Champagne: UK still suffering the millennium blues as price cuts and overstock hit hard
Total champagne sales in the UK off-trade were down 11% in the September/October 2000 bi-month, compared with the same period last year, but the MAT figure is still ahead 19%, in the 12 months to the end of October 2000, according to the latest figures released by AC Nielson.
The MAT figure is buoyed up by the inclusion of the important November/December bi-month at the end of 1999 when sales jumped by 54.7% in the UK off-trade, which led to an MAT growth of 19.2% for the whole of 1999. It also includes Sainsbury's massive sell-off of cheap own-label fizz last Spring. Clearly since then the market has slowed down steadily.
This view is backed up by the most recent Champagne shipments to the UK market which in the 12 months to September 2000 dropped by 48.71%, according to CIVC figures, compared with the previous 12 months. This large fall is understandable given that the previous 12 months (Oct '98-Sept '99) is exactly when the bulk of pre-millennium stock was moved. More revealing is the fact that shipments are also down 22.15% and 17.65% respectively on the 12 months to September 1998 and September 1997.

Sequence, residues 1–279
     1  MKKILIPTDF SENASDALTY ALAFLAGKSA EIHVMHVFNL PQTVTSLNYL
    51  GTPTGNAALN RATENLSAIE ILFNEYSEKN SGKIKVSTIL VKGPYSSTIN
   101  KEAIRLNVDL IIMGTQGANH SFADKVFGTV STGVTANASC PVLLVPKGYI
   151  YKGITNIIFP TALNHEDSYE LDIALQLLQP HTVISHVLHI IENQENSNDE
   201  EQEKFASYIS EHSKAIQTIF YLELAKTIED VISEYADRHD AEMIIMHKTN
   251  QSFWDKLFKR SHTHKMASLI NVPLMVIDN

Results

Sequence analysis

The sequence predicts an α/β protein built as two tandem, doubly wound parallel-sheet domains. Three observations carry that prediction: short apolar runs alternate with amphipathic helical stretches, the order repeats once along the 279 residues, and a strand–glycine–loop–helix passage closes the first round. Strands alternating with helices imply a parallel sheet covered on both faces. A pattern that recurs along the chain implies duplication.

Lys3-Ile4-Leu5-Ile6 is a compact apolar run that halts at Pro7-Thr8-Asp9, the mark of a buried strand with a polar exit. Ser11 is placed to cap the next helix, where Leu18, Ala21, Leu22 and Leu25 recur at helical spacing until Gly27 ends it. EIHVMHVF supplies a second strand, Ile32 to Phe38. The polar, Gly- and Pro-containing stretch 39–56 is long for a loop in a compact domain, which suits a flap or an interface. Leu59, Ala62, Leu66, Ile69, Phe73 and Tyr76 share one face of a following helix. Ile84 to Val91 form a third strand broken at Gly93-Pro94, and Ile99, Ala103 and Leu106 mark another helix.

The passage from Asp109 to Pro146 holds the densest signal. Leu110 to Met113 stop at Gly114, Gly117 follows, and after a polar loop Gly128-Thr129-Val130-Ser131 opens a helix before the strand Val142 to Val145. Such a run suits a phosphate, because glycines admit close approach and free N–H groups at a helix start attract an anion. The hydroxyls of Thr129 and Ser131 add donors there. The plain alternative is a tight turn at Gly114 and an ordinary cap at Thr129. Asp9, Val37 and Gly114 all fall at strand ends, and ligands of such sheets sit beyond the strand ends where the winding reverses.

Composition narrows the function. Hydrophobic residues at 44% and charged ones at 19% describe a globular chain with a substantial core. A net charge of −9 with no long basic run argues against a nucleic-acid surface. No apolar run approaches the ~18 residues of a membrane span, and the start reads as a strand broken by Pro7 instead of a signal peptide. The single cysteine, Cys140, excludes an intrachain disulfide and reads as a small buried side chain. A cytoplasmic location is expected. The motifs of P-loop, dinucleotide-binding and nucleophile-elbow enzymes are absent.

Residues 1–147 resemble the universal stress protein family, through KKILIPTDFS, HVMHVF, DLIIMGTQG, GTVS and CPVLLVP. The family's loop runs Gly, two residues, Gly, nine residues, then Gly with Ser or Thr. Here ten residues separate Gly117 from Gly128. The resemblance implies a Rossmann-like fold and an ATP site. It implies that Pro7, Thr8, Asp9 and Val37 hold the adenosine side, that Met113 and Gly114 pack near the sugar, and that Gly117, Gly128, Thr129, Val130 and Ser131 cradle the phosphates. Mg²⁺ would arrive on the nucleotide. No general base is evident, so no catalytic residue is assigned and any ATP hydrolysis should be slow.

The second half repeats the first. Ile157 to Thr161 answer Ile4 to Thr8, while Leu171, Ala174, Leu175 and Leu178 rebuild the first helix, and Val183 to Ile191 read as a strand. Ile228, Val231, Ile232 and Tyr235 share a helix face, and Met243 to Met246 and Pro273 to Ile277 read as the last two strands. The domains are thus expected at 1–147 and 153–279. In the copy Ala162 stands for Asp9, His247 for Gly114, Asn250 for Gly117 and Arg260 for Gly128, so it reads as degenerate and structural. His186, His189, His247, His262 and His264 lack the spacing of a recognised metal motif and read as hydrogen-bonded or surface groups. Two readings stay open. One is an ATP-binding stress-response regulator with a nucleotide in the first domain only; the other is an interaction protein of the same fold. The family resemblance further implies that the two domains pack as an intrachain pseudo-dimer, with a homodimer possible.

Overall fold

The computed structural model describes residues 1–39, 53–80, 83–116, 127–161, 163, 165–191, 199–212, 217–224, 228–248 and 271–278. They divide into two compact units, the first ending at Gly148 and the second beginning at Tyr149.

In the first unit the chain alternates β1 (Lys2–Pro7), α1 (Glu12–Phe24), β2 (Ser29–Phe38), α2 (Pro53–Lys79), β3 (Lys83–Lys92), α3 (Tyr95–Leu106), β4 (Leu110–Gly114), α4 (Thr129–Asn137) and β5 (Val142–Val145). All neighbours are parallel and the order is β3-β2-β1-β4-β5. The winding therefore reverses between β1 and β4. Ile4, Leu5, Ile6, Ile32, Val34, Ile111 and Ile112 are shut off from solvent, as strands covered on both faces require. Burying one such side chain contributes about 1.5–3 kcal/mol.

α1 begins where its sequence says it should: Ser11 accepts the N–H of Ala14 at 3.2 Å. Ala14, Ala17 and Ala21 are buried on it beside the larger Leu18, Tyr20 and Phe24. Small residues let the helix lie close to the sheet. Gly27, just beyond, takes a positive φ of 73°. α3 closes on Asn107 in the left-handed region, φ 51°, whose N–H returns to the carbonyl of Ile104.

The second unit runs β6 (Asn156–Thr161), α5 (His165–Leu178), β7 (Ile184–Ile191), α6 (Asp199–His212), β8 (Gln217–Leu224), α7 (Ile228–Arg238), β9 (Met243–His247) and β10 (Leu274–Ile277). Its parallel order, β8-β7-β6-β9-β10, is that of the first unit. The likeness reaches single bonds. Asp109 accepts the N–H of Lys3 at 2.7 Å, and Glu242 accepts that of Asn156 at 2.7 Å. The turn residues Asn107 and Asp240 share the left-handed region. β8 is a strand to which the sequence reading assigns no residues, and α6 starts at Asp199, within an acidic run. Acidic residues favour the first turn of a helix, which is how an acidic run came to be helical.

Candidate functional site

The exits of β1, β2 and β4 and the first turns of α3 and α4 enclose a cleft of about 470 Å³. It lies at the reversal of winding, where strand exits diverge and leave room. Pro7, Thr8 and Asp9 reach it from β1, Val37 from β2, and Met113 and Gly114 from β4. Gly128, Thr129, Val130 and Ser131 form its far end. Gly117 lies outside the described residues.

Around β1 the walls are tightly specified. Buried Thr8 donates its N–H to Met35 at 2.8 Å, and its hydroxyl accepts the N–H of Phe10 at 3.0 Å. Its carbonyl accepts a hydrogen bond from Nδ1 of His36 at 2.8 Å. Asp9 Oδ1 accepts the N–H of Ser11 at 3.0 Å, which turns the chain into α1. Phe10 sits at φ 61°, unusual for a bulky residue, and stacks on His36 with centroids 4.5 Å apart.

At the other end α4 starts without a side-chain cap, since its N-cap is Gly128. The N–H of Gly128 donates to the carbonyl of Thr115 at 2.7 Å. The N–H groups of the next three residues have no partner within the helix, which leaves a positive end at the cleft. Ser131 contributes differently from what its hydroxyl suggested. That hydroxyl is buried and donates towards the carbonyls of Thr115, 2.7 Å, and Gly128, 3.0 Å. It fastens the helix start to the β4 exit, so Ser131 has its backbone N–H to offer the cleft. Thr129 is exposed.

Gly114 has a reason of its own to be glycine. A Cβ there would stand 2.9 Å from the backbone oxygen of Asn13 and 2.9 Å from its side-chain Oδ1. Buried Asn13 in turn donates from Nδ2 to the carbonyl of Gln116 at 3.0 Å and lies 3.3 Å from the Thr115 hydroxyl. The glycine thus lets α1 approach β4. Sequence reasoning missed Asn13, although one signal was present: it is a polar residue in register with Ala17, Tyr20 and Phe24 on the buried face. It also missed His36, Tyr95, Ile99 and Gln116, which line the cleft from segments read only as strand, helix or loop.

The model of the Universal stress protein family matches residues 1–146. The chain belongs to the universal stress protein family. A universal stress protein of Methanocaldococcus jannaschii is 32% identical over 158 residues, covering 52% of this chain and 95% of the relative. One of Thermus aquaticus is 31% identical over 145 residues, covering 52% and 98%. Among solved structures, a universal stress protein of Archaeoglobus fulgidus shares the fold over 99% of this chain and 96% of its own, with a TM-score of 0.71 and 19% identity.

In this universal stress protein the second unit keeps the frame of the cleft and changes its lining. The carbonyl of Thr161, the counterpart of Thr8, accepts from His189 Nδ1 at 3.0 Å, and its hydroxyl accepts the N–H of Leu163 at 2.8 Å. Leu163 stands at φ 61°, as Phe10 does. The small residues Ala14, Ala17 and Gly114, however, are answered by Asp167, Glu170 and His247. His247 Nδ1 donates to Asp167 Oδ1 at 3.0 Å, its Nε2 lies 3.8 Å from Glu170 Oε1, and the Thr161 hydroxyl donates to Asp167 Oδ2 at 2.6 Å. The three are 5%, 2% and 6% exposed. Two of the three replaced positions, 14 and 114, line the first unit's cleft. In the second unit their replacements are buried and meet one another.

Within the stats there is clear evidence of the massive overhang of UK Supermarket own-label stocks in 2000, with own-label increasing its market share from 24% to 31.3% (MAT to September/October 2000). At the same time the two biggest selling non-vintage brands Moet & Chandon and Lanson Black Label have both lost share, the former down from 17.1% to 15.2% and the latter falling from 8.9% to 7.3%. Current price promotions by both brands, which see their bottle prices drop below £15 for purchases of six bottles or more with the outlets of the First Quench empire, are an end of year effort to bolster sales.
Other non-vintage brands to have suffered loss of share include Veuve Cliquot (down from 4.6% to 4%); Perrier Jouet (down from 2.7% to 2.4%); Laurent Perrier (2.6% to 2%); Mercier (2.5% to 1.7%) and Bollinger (3.1% to 2%). Curiously the drop in share of the last two brands named, which are at opposite ends of the price spectrum, is explained by shortages of stock. (Although in the case of Mercier this is simply because less wine was made.) Piper Heidsieck and Heidsieck Monopole are the only major brands to buck the trend with share up respectively from 3.8% to 5.1% and from 2.7% to 4.9%.
The MAT growth for the supermarket sector is 37% (although it's down 8% in the September/October bi-month) which is almost exactly the same as the MAT growth figure for the whole of 1999 (+37.3%). Despite all the price promotions the vital November/December bi-month is not expected to match up to last year and the MAT growth looks likely to come down, although perhaps not dramatically until the effect of the Sainsbury's sell-off disappears from the figures.
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